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Development of a synthetic plant volatile-based attracticide for female noctuid moths. I. Potential sources of volatiles attractive to Helicoverpa armigera (Hubner) (Lepidoptera: Noctuidae).

Del Socorro, A.P. and Gregg, P.C. and Alter, D. and Moore, C.J. (2010) Development of a synthetic plant volatile-based attracticide for female noctuid moths. I. Potential sources of volatiles attractive to Helicoverpa armigera (Hubner) (Lepidoptera: Noctuidae). Australian Journal of Entomology, 49 (1). pp. 10-20.

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Article Link(s): http://dx.doi.org/10.1111/j.1440-6055.2009.00733.x

Publisher URL: http://www.wiley.com

Abstract

This paper is the first of a series which will describe the development of a synthetic plant volatile-based attracticide for noctuid moths. It discusses potential sources of volatiles attractive to the cotton bollworm, Helicoverpa armigera (Hubner), and an approach to the combination of these volatiles in synthetic blends. We screened a number of known host and non-host (for larval development) plants for attractiveness to unmated male and female moths of this species, using a two-choice olfactometer system. Out of 38 plants tested, 33 were significantly attractive to both sexes. There was a strong correlation between attractiveness of plants to males and females. The Australian natives, Angophora floribunda and several Eucalyptus species were the most attractive plants. These plants have not been recorded either as larval or oviposition hosts of Helicoverpa spp., suggesting that attraction in the olfactometer might have been as nectar foraging rather than as oviposition sources. To identify potential compounds that might be useful in developing moth attractants, especially for females, collections of volatiles were made from plants that were attractive to moths in the olfactometer. Green leaf volatiles, floral volatiles, aromatic compounds, monoterpenes and sesquiterpenes were found. We propose an approach to developing synthetic attractants, here termed 'super-blending', in which compounds from all these classes, which are in common between attractive plants, might be combined in blends which do not mimic any particular attractive plant.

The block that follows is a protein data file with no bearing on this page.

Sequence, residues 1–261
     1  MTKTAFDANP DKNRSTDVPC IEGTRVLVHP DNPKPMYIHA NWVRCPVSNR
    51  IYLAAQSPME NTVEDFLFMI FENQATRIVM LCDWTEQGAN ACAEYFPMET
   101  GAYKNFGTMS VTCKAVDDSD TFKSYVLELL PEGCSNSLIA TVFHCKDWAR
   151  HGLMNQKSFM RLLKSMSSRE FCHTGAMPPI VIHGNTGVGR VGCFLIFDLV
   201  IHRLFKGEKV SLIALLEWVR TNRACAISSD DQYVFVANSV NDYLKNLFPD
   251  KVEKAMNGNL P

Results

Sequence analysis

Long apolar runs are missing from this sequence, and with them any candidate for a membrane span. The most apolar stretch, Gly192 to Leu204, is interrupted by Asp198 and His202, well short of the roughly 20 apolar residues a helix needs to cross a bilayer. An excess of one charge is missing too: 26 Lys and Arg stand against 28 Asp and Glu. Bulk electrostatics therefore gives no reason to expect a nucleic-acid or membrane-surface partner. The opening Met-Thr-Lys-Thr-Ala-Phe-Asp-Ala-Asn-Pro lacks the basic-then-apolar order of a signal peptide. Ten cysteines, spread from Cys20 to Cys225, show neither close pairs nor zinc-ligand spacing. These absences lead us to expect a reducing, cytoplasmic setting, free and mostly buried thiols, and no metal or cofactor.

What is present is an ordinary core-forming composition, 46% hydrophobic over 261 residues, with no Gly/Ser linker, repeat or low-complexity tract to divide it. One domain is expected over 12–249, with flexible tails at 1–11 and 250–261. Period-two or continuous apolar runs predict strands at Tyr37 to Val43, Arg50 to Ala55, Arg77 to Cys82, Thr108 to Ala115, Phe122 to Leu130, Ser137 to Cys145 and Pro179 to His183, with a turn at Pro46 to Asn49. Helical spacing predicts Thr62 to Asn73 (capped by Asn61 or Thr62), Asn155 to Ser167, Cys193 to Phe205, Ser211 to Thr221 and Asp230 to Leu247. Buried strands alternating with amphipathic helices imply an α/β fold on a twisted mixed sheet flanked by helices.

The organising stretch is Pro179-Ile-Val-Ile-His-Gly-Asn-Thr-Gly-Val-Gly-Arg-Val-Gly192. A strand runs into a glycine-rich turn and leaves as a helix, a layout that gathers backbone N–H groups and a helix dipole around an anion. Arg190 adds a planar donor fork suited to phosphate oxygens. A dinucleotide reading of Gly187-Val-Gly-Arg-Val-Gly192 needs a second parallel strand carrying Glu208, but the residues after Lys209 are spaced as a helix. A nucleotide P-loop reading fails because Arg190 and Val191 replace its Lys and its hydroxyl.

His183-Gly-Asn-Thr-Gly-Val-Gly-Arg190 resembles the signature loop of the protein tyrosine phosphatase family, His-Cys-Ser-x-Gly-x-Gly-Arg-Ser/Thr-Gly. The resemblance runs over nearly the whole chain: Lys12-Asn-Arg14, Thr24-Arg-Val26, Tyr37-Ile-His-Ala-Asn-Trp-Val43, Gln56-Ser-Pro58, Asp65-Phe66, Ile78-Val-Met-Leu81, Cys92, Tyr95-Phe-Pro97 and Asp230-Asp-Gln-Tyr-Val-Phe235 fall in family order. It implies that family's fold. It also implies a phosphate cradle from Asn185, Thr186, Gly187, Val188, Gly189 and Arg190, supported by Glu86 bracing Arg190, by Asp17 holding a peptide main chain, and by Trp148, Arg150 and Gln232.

Item Type:Article
Additional Information:© The Authors. © Australian Entomological Society
Keywords:Kairomone; moth attractant; olfactometer; plant volatile; Heliothis punctigera Wallengren; cabbage looper moths; host plant; behavioral responses; floral compounds; cotton bollworm; acetic acid; flower; odor; identification.
Subjects:Plant pests and diseases > Pest control and treatment of diseases. Plant protection
Science > Zoology > Invertebrates > Insects
Deposited On:28 Jun 2010 03:14
Last Modified:18 Apr 2011 00:38

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